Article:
IN the fourth decade of the last century, Alexis Carrel, a French Surgeon, Nobel laureate and Sociologist bemoaned the lack of integrated and comprehensive “science of man”. Carrel went on to write an entire treatise “Man The Unknown” to circumscribe the lacunae, flaws and misgivings arising out of the unprecedented progress in Positive (Material) sciences and the lag experienced by Normative (Social) sciences. Carrel had truly predicted that galloping progress in science and technology, with little or no attention to social sciences, endangered the entire society and posed challenges like social chaos, hyper-consumerism, unchecked capitalism, large scale poverty, crimes and social and international paranoia. The predictions have turned true and an asynchronous relationship between material and social sciences has thwarted our society and world against the issues and conundrums of all breeds. Our society, based on and driven by the principles of Capitalist economy as it is, has asymmetrically favoured sciences that result in increase of capital and material productivity and ignoring social sciences to the point of neglect.
What picture emerges in our minds as we try to think of social sciences? It is usually an image dominated by the graphics of armchair scholars, skimming through abstract ideas and given to theories least pertinent to human lives. These images of a sociologist, which remove him farther away from the orbits real social business and project him into some abstract space are both inadequate and incorrect. If atoms are the constituents of matter, individuals are the constituents of society and call for Sociological investigation and understanding as much as atoms call for scientific understanding. Society is neither the domain of biology nor physics, but rests on principles that are called Sociological principles and by their nature call for Sociological understanding. It is society and men living therein which form the raison de etre of sciences, of all technological adventures and all other activities implied by the term “Positive Sciences”. In any case of Social disequilibrium, any episode of social disaster or any accident of social import, the material progress loses its worth and meaning. This makes the question and importance of social sciences an inevitable phenomenon and any lag or lapse on this front entails the coup of civilization. In this context, where social sciences rise to the occasion of embracing the entire civilization in its lap, what are the contours and responsibilities that Social Sciences and Humanities are supposed to assume?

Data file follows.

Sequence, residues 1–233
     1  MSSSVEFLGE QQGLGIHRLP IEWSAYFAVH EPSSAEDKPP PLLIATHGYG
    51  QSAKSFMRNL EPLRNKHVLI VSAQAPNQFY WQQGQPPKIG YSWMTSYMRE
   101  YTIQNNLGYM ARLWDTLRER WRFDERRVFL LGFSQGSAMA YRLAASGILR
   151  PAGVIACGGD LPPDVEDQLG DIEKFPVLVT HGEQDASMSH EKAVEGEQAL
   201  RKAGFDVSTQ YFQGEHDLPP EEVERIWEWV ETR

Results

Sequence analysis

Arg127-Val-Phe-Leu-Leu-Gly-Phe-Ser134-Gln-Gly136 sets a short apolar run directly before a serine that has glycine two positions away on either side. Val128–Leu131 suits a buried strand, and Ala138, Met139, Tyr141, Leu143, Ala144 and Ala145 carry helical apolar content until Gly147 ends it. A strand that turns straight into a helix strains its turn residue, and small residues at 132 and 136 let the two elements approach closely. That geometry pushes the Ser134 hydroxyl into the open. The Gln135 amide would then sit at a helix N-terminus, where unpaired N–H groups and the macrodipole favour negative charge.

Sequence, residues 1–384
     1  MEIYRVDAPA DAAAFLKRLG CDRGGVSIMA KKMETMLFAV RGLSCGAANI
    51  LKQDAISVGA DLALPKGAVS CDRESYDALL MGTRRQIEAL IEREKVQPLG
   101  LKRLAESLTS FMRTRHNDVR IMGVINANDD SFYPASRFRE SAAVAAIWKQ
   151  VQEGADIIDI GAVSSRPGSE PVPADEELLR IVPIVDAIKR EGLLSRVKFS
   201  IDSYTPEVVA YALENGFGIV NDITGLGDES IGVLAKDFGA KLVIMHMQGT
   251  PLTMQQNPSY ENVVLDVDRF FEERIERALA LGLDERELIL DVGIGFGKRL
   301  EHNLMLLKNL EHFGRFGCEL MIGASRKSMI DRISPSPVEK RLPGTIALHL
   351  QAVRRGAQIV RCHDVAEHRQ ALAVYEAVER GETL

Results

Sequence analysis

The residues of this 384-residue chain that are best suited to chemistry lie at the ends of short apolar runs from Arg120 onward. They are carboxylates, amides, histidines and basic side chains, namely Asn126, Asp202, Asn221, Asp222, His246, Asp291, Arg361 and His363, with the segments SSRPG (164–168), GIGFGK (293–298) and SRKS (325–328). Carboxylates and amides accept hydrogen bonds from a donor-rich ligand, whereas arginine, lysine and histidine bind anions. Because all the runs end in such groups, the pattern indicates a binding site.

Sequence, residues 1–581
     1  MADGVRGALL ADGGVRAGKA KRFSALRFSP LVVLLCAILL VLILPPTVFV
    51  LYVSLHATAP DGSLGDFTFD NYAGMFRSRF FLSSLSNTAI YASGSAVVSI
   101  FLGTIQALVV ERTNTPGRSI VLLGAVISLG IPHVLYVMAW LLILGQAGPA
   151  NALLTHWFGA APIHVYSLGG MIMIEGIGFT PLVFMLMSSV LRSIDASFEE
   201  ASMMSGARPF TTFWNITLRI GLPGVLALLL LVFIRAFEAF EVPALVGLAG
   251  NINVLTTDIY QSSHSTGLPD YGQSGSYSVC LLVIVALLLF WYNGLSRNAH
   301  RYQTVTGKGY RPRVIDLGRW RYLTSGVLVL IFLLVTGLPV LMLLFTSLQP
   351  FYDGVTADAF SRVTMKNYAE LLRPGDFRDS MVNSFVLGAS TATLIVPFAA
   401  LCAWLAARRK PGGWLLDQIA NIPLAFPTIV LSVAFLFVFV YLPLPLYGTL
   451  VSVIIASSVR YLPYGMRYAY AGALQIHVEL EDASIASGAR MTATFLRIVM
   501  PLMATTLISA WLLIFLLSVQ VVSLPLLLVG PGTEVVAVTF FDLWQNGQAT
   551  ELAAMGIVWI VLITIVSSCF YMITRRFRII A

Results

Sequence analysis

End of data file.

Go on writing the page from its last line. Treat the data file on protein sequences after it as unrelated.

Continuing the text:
Social Scientists are auditors of society, which evaluate, not only the micro issues in their quantitative aspect, but also examine and scrutinise the qualitative stability of social superstructure on the whole. Social Sciences and Humanities are indispensable in determining our relation to our own self, to society and the physical world at large. Any policy making which doesn’t incorporate insights and understandings from social science is bound to commit excess and errors. It is by virtue of social sciences that a whole-scale understanding of society is brought in and policies, remedial measures, initiatives are adopted accordingly. In absence of proper Sociological understanding, the remedial measures adopted and the policies followed, not only end in fiasco but sometimes backfire in a bad way.